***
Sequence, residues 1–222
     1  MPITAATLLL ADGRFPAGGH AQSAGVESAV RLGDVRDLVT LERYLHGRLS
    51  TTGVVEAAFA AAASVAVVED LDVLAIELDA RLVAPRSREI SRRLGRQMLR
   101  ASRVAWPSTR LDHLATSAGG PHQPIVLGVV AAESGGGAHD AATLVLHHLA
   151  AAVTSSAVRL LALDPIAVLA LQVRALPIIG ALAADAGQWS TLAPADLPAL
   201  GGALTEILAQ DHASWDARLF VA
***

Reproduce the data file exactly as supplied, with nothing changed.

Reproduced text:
Sequence, residues 1–222
     1  MPITAATLLL ADGRFPAGGH AQSAGVESAV RLGDVRDLVT LERYLHGRLS
    51  TTGVVEAAFA AAASVAVVED LDVLAIELDA RLVAPRSREI SRRLGRQMLR
   101  ASRVAWPSTR LDHLATSAGG PHQPIVLGVV AAESGGGAHD AATLVLHHLA
   151  AAVTSSAVRL LALDPIAVLA LQVRALPIIG ALAADAGQWS TLAPADLPAL
   201  GGALTEILAQ DHASWDARLF VA